The air suspension will be in production by 2008 on a European vehicle and likely will meet the needs of a higher-echelon vehicle.
ArvinMeritor is developing the electronic steering with Techco Corp., a private automotive steering technology firm. The partnership shows ArvinMeritor's willingness to delve deep into the supply chain to offer new technologies previously considered non-core.
The steering system could change the way electronic steering components are packaged, because it doesn't need to be placed on or near the rack, Simon Dean, manager-LVS Advanced Undercarriage Systems says. The unit promises to compile active return, autonomous parking, lane departure warning and fuel-sipping technologies in one control box.
ArvinMeritor admittedly is late to the game when it comes to undercarriage development. But the supplier is looking to leverage that tardiness by offering simpler, more interchangeable solutions that ultimately reduce cost and complexity, Dean says.
The supplier's undercarriage unit lives and dies by the “let's start simple” mantra, bucking the rush-to-market trend of including every failsafe component and sensor possible for durability and performance reasons, then simplifying as the technology proves out.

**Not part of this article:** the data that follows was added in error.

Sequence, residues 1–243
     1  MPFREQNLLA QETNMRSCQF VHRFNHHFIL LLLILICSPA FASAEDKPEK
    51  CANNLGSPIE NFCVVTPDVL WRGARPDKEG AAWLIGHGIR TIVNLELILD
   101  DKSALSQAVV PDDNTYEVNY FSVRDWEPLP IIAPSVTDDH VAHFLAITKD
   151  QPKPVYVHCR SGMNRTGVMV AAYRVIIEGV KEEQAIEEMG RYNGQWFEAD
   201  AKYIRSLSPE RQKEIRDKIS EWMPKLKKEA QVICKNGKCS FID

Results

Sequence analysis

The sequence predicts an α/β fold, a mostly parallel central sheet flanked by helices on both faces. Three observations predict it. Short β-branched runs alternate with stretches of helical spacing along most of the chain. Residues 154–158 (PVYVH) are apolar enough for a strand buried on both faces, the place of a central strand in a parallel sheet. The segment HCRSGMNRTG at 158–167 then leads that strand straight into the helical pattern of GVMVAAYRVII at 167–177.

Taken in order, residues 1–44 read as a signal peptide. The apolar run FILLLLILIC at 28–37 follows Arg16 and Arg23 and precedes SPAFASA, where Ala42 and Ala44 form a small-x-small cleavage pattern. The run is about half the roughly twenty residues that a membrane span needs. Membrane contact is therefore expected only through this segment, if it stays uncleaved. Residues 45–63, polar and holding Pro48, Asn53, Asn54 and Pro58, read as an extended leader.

ArvinMeritor starts by benchmarking other systems on the market, and designing a more simplified setup from the get-go.
Dean says the supplier needs to provide more than a carbon copy of other systems already on the market, looking instead to win OEMs over with more economic, flexible designs.
“We can't just have a ‘me too’ business case,” he says.
ArvinMeritor surely has its work cut out for it, running against well-established European players such asGroup, AG and Robert GmbH, some with chassis R&D budgets that dwarf ArvinMeritor's investment.
One place ArvinMeritor will not go with its undercarriage strategy in the near- to mid-term is Asia, where OEMs tend to keep much of the design work in-house or within their established supply chains.
Asia is ArvinMeritor's weakest market, representing less than 9% of the U.S. supplier's global LVS business.